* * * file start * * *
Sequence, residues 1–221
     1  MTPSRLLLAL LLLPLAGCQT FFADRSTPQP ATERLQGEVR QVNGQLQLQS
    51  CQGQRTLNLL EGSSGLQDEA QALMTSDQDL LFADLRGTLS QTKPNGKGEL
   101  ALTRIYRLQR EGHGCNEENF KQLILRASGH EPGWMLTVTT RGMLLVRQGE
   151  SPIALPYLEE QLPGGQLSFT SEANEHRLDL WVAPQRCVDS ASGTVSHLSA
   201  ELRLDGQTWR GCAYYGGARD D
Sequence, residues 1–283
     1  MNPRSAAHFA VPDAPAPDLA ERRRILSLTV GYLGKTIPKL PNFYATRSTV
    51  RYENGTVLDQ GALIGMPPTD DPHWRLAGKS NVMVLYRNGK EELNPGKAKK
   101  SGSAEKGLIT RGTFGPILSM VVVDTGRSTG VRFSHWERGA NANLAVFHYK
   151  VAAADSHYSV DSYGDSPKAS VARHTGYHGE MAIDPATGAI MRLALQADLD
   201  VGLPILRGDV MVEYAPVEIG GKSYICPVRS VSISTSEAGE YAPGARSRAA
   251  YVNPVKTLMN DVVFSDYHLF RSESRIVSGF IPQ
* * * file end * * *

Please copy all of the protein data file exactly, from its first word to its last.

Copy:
Sequence, residues 1–221
     1  MTPSRLLLAL LLLPLAGCQT FFADRSTPQP ATERLQGEVR QVNGQLQLQS
    51  CQGQRTLNLL EGSSGLQDEA QALMTSDQDL LFADLRGTLS QTKPNGKGEL
   101  ALTRIYRLQR EGHGCNEENF KQLILRASGH EPGWMLTVTT RGMLLVRQGE
   151  SPIALPYLEE QLPGGQLSFT SEANEHRLDL WVAPQRCVDS ASGTVSHLSA
   201  ELRLDGQTWR GCAYYGGARD D
Sequence, residues 1–283
     1  MNPRSAAHFA VPDAPAPDLA ERRRILSLTV GYLGKTIPKL PNFYATRSTV
    51  RYENGTVLDQ GALIGMPPTD DPHWRLAGKS NVMVLYRNGK EELNPGKAKK
   101  SGSAEKGLIT RGTFGPILSM VVVDTGRSTG VRFSHWERGA NANLAVFHYK
   151  VAAADSHYSV DSYGDSPKAS VARHTGYHGE MAIDPATGAI MRLALQADLD
   201  VGLPILRGDV MVEYAPVEIG GKSYICPVRS VSISTSEAGE YAPGARSRAA
   251  YVNPVKTLMN DVVFSDYHLF RSESRIVSGF IPQ